Most corrupt states in the union
Original Source Link: (May no longer be active)
Image problem? Louisiana not No. 1 in corruption
By ADAM NOSSITER
The Associated Press
1/15/2004, 5:02 p.m. CT
BATON ROUGE, La. (AP) — Some will cry foul, and others will cry not foul enough. Louisianians know this: you take the good, and the not-so-good, regardless — as long as you're No. 1.
That's why an announcement scheduled for Friday in Washington, D.C. will be seen as a cruel blow by many here: Louisiana is not the most corrupt state in the nation.
In a state where crookedness has long been seen as less a political liability than dullness, some will no doubt find shame in this sudden fall to grace.
The ranking is compiled by Corporate Crime Reporter, Louisiana trails Mississippi in what this Washington, D.C. newsletter calls the corruption rate, which it defines as the number of Federal public corruption convictions over the last ten years per 100,000 population.
Being only the second most corrupt state in the nation will not flatter citizens who have taken pride in former Gov. Edwin Edwards — now cooling his heels in Federal lockup in Texas — assorted jailed state Insurance Commissioners, and various high current and former public officials under investigation or indictment.
In a state where the latest scandal provokes more amused chuckles than head-shaking, this news from the Washington spoilsports is sure to provoke grumbling. But the numbers don't seem to lie.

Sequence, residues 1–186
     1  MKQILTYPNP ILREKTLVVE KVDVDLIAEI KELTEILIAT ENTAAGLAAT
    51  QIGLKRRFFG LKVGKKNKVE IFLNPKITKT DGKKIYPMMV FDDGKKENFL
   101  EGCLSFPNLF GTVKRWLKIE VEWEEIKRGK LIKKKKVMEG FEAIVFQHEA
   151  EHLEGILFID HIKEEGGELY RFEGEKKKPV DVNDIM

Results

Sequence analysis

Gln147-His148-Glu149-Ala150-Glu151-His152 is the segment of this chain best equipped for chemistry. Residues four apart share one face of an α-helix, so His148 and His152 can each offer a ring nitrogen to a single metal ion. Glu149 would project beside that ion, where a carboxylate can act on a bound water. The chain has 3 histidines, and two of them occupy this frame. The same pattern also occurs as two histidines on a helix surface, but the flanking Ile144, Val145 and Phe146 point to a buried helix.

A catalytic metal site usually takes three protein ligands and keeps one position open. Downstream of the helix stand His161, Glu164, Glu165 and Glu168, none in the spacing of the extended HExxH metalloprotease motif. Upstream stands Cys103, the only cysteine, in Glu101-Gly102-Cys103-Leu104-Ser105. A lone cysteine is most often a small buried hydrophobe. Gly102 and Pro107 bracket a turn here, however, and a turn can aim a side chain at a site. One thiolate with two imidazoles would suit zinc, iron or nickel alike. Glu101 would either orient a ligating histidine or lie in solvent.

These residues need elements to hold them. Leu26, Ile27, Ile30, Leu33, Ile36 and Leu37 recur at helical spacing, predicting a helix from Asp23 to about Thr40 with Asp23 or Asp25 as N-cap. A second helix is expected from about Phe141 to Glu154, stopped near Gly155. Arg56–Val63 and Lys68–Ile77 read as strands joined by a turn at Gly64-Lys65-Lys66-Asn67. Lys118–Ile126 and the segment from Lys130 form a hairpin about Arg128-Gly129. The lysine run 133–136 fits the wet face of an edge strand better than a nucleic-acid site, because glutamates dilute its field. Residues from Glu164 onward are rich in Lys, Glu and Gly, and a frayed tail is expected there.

A professional in the field reacted warily to the news. "It means either we've been more successful in Louisiana, or it means there's more public corruption. I hope it's the former, but I fear it's the latter," said David Dugas, the U.S. Attorney in Baton Rouge.
Dugas even seemed to take some solace in the state's slip in the rankings.
"I heard candidates say in the last election, we're at the bottom of the good lists and at the top of the bad lists. At least we're not No. 1 on this list," the federal prosecutor said.
Mississippi's corruption rate, in the Corporate Crime Reporter ranking, is 7.48, while Louisiana's is only 7.05. At least, the state is way ahead of No. 3, Alaska, at 6.50. Cleanest of the 50 states is Nebraska, with only .59 convictions per 100,000.
The report, Public Corruption in the United States, will be released at 10 a.m. Friday in the Murrow Room of the National Press Club in Washington, D.C. The ranking factors prosecutions of local, state and federal officials.
Dugas offers some hope that Louisiana will one day regain its status.
"I can tell you this," he said. "We're going to continue to investigate public corruption until we run out of cases."
Copyright 2004 The Associated Press. All rights reserved. This material may not be published, broadcast, rewritten or redistributed.